“Reverse farming” restores farms & golf courses to native prairie in North Dakota

Bryan Sprenger is practicing a reverse form of farming.

Instead of breaking up the prairie, the Grey Eagle man is bringing it back to life.

Sprenger, who works for Prairie Restorations Inc., spent a sunny June 24, 2016 steering a John Deere tractor and pulling a seeder around six acres of Red River bottom land north of the Moorhead Country Club.

If all goes well, in a few years the area on the north end of North River Drive will be a flower-packed grassland, much like it was before farming and urban sprawl ripped it up.

The work is part of the “Urban Woods and Prairies Initiative,” paid for by Audubon Dakota with donated funds and in-kind help from local governments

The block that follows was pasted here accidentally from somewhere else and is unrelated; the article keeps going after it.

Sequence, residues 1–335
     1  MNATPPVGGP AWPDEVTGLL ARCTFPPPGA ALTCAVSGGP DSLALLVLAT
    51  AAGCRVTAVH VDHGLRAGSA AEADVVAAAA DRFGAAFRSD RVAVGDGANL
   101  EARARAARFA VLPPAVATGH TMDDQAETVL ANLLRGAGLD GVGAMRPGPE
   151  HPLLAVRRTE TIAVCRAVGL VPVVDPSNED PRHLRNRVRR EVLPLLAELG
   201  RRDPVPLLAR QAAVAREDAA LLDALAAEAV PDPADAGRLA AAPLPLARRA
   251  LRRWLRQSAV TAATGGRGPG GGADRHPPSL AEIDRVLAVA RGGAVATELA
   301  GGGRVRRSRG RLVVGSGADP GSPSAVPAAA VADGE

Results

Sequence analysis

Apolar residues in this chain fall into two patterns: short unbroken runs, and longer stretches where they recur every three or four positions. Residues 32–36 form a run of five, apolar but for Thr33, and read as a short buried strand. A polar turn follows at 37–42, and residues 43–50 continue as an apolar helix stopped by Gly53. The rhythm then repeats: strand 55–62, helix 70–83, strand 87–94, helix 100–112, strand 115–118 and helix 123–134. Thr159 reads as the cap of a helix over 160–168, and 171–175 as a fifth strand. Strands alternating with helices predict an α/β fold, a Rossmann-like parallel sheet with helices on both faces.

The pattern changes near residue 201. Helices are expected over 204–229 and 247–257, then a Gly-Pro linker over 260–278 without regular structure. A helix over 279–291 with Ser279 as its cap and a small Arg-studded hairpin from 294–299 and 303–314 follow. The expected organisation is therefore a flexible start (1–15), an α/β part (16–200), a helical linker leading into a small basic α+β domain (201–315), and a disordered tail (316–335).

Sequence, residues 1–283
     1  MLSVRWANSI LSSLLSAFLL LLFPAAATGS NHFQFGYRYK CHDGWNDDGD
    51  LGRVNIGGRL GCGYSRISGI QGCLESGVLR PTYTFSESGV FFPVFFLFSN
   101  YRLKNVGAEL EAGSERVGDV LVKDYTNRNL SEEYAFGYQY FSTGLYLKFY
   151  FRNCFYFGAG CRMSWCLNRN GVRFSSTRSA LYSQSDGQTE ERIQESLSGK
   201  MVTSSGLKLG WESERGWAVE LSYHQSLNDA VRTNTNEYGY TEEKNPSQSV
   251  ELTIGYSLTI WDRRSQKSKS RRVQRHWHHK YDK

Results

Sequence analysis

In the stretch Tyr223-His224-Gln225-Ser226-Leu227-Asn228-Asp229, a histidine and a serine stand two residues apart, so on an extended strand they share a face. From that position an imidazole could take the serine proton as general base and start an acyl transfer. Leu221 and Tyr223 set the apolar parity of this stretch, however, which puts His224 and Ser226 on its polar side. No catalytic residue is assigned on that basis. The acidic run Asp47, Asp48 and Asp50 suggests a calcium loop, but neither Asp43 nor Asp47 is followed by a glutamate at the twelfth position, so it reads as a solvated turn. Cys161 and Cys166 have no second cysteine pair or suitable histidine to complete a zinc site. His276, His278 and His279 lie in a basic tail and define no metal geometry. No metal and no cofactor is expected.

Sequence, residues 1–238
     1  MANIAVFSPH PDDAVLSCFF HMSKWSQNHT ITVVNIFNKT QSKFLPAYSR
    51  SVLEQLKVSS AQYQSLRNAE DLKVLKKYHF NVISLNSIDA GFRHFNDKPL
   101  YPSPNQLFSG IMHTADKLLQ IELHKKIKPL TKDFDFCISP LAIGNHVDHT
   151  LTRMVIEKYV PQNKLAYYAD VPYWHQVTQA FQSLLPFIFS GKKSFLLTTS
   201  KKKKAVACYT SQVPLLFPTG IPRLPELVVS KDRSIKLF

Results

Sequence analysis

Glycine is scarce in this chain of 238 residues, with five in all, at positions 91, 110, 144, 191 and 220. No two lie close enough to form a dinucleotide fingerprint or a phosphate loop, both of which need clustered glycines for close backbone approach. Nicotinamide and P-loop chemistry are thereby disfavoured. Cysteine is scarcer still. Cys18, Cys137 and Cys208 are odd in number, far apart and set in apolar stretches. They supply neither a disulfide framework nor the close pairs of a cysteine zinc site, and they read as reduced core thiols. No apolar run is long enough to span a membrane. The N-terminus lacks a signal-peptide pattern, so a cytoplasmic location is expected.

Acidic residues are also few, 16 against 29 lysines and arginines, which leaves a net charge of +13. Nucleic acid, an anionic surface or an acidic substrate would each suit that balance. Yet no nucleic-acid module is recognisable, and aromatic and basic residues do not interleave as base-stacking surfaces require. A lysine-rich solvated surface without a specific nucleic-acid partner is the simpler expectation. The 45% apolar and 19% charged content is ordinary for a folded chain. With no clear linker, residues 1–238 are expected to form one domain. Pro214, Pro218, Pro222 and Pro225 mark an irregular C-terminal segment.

Last year, Princeton-based Prairie Restorations tilled and seeded about 142 acres on the Fargo side of the Red River in areas where there were home buyouts and other flood mitigation efforts, said Blaine Keller, the firm’s site manager. This year, another 50 acres are being seeded, mostly in Moorhead, with some further work in Fargo, Keller said.

Marshall Johnson, executive director of Audubon Dakota, said the goal is to restore 1,500 acres of riparian prairie, floodplain forests and wetlands to their natural state, which will not only make those areas more enjoyable for people but provide ecological benefits such as filtering water as it flows to the river, and create habitat for songbirds, pollinating insects and other critters.

So far, so good. We’ve done a lot of woodland and prairie enhancement and restoration. And prairies take patience. So we’re being patient, and kind of managing and establishing these prairies so they can be vibrant and in the long haul lower the maintenance costs for the two cities (Fargo and Moorhead),” Johnson said.

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